Whether you are bringing your pet along or need a home away from home for him or her while you’re gone, there is at least one airport that has you covered. The Pet Hotel at Tokyo’s Narita Airport offers on-site boarding so you can pick up and drop off your pet as part of your travel plans. And, with adjoining vet and grooming services, the Pet Hotel can take care of your pet’s needs while you are away or help get a traveling pet ready for takeoff.
If you have time to leave the security area, getting a workout in while in transit is as easy as obtaining a club pass to an airport hotel. But airports are finding ways to offer you exercise opportunities that don’t include removing your shoes and laptop for another screening. One option growing in popularity is a yoga room. In the U.S., such rooms have sprung up at places like Burlington International Airport in Vermont and San Francisco International in California. Dallas Fort Worth International Airport in Texas not only offers a yoga room but a marked walking trail that helps passengers and employees step their way to a workout.
Kids of all ages should like this. While there are play areas, mazes and toys for young kids at most airports, your competitive spirit can come out at any age with more hands-on games at select airports. From Playstations to an old-school ping pong table, these games are one of the best ways to make airport time fly by. Some of the great options we found: iSports, a venue dedicated to playing simulated sports, from boxing to car racing to basketball, at Hong Kong International Airport, and free Playstation 2 and 3 areas at both Paris area airports (Orly and Charles De Gaulle). And the ping pong table? Well that is in Milwaukee, Wis., at General Mitchell International Airport where it was brought in for a short-term event but proved so popular it has stayed on permanently.
Why not pick up a touch of local culture as well as a passport stamp when you have a layover? Korea’s Incheon Airport has dedicated whole sections of the airport to educating passengers on local culture. Featuring local architecture, food and dance performances, these cultural zones also offer craft classes where you can learn to make traditional artifacts such as fans and “lucky” bags. At Hong Kong International, a “Tea through the Ages” exhibition includes tea-making workshops. Another short-lived (but we hope revisited) learning experience: a series of quick but tasty French cooking classes offered to passersby in Paris’ Orly Airport and Charles De Gaulle Airport.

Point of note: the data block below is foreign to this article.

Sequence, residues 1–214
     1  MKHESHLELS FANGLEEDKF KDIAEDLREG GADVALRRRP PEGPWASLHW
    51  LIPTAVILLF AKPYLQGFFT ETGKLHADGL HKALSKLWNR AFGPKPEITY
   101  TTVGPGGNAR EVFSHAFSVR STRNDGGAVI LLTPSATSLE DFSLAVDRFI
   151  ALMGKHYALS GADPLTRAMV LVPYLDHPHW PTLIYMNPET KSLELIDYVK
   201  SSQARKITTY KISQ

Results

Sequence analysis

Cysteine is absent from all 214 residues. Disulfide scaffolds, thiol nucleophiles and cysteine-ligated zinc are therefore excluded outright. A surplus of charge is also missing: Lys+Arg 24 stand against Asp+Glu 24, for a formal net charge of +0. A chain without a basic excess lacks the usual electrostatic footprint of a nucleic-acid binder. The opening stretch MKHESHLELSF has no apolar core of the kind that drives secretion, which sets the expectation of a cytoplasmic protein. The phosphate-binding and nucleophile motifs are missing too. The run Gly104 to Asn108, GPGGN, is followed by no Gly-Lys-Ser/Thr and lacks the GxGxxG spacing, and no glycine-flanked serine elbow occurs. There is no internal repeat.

A brush with nature
Airports are, almost by definition, indoor spaces. So bringing Mother Nature inside can add a breath of fresh air to the travel experience. We’ve got a few favorite airport spots for some face time with the great outdoors. Changi Airport in Singapore may set the standard here with a Butterfly Garden, which boasts an indoor waterfall and more than 1,000 butterflies, in one terminal plus a sunflower and an orchid garden in another terminal. Vancouver International in Canada brings the ocean inside, though, with its two Vancouver Aquarium Marine Exhibits. The main tank, a 30,000+-gallon aquarium, holds more than 5,000 sea creatures, while a second tank, a 475-gallon aquarium, is dedicated just to jellyfish.
A pet to pet
Service animals offer great comfort to their owners and take the stress out of travel for many people. Those traveling via Miami International may well get a first-hand chance to see the power of a pet when it comes to smoothing the edges of the flying experience. Casey, a four-year-old golden retriever and official airport ambassador, roams the airport with her human partner, Liz Miller, two days a week to dole out stress release and affection. Sporting a blue “Pet Me” bandana, official credentials and business cards, Casey is a popular sight and tension balm for grown-ups and kids alike.
(Main image: indywriter)